England were certainly in need of some inspiration from their top order, particularly after a shambolic and insipid showing against India and a frustrating defeat to West Indies at the start of the Super Eights at the World Twenty20 in Sri Lanka.
With Craig Kieswetter either going big or blocking each delivery and a lack of an established talisman (let's, for argument's sake, call him KP), the apparent coming of age of Luke Wright could not be better timed.
England sustained their hopes of retaining the World Twenty20 title with a six-wicket win over New Zealand in Pallekele on Saturday, and it was the 76 from 43 balls from Wright that inspired the victory.
Wright, who made 99 against Afghanistan in the group stages, provided another innings of courage and conviction to take England to victory with seven deliveries remaining. It was a mature and mightily impressive knock.
While England may still need to win their final Super Eights game against Sri Lanka on Monday to progress through to the last four, the way Wright has distinguished himself with his fearless displays of late has encouraged every supporter.
There is no need to hide the fact that England could have been eliminated on Saturday had results gone against them.
Equally, it would be churlish to suggest that if Wright hadn't stepped up with his 76, someone else would have taken responsibility. England's collective efforts with the bat have been poor in these conditions, and confidence is at a premium.
Having given himself some time to become accustomed to the pitch - it took him four deliveries to score a run - he put away the loose ball nicely before accelerating decisively having reached 25.
Thereafter, the Sussex all-rounder attacked, hitting the ball straight and cleanly and, at one stage, hitting four sixes in seven deliveries. In all he struck five sixes and five fours.
It is hard to overstate how important Wright's two big knocks have been for his side.
England survived the first over of their innings without losing a wicket for the first time in the tournament but Hales, and in particular Kieswetter, have continued to struggle to keep the scoreboard ticking over early on, and England have suffered as a result.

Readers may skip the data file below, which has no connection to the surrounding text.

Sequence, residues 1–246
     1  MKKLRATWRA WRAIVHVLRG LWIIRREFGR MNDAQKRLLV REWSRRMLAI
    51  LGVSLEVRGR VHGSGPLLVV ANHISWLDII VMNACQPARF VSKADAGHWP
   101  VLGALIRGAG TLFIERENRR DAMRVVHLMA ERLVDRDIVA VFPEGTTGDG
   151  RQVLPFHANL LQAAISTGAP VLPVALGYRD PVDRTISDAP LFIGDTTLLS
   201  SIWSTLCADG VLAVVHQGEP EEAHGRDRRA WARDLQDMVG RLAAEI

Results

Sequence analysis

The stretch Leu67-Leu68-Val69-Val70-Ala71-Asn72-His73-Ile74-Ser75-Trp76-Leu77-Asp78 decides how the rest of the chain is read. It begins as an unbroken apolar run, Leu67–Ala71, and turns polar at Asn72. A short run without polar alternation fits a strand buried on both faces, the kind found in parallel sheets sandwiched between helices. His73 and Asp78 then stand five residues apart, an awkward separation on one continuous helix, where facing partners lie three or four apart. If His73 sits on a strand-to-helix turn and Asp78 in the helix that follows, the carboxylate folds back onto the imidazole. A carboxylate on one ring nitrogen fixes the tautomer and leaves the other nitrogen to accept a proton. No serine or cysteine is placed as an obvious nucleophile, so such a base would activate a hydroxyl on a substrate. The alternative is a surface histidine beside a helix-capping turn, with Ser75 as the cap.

Let us not forget that Wright produced a blistering 99 off 55 balls after the holders overcame a slightly tricky start against Afghanistan in highly convincing fashion.
Wright only returned to the line-up at the tail-end of the English season and had not been earmarked for the number three role until Ravi Bopara's sudden and drastic loss of form.
But having made a brace of useful 30s in the warm-ups, he provided further evidence of his development over the last year. He powered past his previous best of 71 against Netherlands, at Lord's, during his side's ill-fated 2009 World Twenty20 campaign.
Against Afghanistan, he became the 12th batsman to register a score in the nineties in Twenty20 internationals and also the second batsman after Alex Hales to make a score of 99. Oh, and he set a new record for an England batsman of six maximums during the knock.
Wright, rather cheekily, puts his recent success down to "being picked", but he has also hinted at a much more telling reason - feeling wanted and being trusted.
For a long time, England captains, players and management have talked about how vital it was for Bopara to feel trusted and secure; well, this is a case of another player desiring the same things.
Wright thrived in Australia's Big Bash Twenty20 competition, and has excelled in the IPL and the Twenty20 Cup for Sussex. This is not a flash in the pan, nor a promising talent emerging from the lower ranks; perhaps more respect is warranted.
The all-rounder is finally feeling at home in an England shirt and, while England have many other selection dilemmas, Andy Flower has a very capable and talented number three who has grabbed his latest opportunities with relish.
At the age of 27, and after having been a fringe player for so long, Wright is really proving his worth for England on the biggest stage, and it could not be more welcome for the reigning World Twenty20 champions.
NEXT UP: England take on Sri Lanka on Monday in their final Group 1 match of the Super Eights, sitting second behind the hosts with West Indies third with an inferior net run-rate. New Zealand take on West Indies in the day's other game.
TALKING POINT: Is it finally time for England to drop wicketkeeper Craig Kieswetter, with Jos Buttler and Jonny Bairstow able to keep wicket? Post your views below...
- Sports & Recreation
- Luke Wright
- Craig Kieswetter